August 25, 2012

by Derek Defoe

The title screen itself states simply, "Superman," and it's commonly referred to as such, but on a lot of promotional material and posters and DVD/Blu-ray covers it's labelled as "Superman: The Movie." I prefer that addition, I guess it doesn't make too much difference these days but at the time I suppose it must have been a bold and necessary distinction. This is not a comic book, not a cartoon, not a Saturday afternoon serial, but a movie adaptation of the story of Superman. The first moments of the film are key, a black and white screen with the images of the comic book framed in the midst of theater curtains. A child's voiceover establishes the world of Metropolis and The Daily Planet. The titles of this film then burst out of the frame and into colour, and, presumably, the real world.

Richard Donner's 1978 film is one of the greats, one of the big hits of the decade and essentially the grandaddy of all Superhero movies. It laid the foundation for the usual expectations we know and expect and take for granted today. Multi-million dollar budget for a comic strip adaptation? Are you kidding? Credible actors such as Marlon Brando and Gene Hackman? Unheard of. It paid off. It is rightfully an epic film, basically telling three different stories on three different canvasses woven together and it is truly something unique, and to this day still capable of inspiring awe.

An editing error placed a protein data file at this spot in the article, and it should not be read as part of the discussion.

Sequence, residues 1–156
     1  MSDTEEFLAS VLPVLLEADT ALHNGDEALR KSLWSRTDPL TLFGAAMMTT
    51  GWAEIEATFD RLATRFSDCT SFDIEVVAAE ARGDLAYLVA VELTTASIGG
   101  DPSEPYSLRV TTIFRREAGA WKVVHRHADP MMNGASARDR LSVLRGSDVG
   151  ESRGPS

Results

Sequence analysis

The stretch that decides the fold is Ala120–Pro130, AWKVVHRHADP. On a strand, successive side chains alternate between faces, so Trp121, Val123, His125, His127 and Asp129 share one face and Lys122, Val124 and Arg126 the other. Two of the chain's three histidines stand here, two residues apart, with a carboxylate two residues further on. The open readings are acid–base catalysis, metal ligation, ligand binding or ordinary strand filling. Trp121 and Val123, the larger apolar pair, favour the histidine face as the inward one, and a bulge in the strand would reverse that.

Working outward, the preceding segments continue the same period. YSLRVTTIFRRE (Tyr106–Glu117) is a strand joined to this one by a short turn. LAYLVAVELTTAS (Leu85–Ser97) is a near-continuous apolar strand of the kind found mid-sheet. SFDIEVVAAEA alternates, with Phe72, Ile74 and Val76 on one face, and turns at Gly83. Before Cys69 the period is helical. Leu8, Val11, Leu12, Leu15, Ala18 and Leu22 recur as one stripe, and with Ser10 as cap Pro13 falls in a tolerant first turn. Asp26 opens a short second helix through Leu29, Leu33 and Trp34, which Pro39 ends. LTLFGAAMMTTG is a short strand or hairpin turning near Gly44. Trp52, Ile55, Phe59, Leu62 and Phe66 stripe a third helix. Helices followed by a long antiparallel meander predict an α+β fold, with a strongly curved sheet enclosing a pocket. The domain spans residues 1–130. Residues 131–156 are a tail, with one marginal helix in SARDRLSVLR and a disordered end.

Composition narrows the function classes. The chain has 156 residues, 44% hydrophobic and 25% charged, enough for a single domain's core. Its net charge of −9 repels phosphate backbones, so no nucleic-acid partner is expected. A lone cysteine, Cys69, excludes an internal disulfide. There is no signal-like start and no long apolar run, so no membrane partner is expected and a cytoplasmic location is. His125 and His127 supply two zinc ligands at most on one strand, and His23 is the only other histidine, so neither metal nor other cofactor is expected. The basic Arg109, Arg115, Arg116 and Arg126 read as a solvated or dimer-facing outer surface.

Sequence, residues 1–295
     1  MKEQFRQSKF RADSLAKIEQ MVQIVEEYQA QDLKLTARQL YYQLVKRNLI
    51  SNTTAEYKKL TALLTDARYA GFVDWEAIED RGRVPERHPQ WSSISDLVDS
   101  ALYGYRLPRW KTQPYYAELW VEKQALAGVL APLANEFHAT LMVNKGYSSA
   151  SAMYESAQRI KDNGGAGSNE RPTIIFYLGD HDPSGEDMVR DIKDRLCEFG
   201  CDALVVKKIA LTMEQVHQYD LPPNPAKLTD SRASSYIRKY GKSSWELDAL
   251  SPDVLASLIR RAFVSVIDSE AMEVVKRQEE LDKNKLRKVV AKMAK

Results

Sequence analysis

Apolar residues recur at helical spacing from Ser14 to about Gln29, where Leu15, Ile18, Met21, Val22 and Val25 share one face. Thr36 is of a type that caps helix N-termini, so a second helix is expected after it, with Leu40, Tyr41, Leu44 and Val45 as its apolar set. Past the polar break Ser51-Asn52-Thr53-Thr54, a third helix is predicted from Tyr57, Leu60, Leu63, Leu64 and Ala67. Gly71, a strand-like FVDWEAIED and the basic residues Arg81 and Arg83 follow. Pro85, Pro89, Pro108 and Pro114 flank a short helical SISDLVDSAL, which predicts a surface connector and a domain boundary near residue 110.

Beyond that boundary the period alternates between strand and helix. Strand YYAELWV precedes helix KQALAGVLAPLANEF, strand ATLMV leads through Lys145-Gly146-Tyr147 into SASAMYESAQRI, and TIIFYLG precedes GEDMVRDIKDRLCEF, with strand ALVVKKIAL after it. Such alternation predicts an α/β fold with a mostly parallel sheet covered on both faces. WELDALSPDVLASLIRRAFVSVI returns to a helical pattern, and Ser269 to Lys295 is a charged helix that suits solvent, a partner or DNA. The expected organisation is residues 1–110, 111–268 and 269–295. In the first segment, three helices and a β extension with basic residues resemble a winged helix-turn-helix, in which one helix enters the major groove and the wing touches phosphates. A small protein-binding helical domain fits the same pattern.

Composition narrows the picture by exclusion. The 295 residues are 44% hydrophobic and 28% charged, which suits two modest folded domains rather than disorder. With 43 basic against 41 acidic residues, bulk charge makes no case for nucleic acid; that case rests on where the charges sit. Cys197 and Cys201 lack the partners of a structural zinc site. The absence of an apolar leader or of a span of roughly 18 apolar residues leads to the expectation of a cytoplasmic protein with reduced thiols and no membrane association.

It's a peculiar movie, though. I have to wonder what kind of audience this was intended for. Was it aimed at kids? It is Superman, afterall. But truth be told, watching this as a kid myself, I never really had the patience for it. I've grown to appreciate it much more now as an adult than I was ever able to at an age where I'd gladly sit through Batman about 80 times. It's worth stressing the fact that by the time we even see Superman dressed up in his trademark outfit, nearly an hour has passed.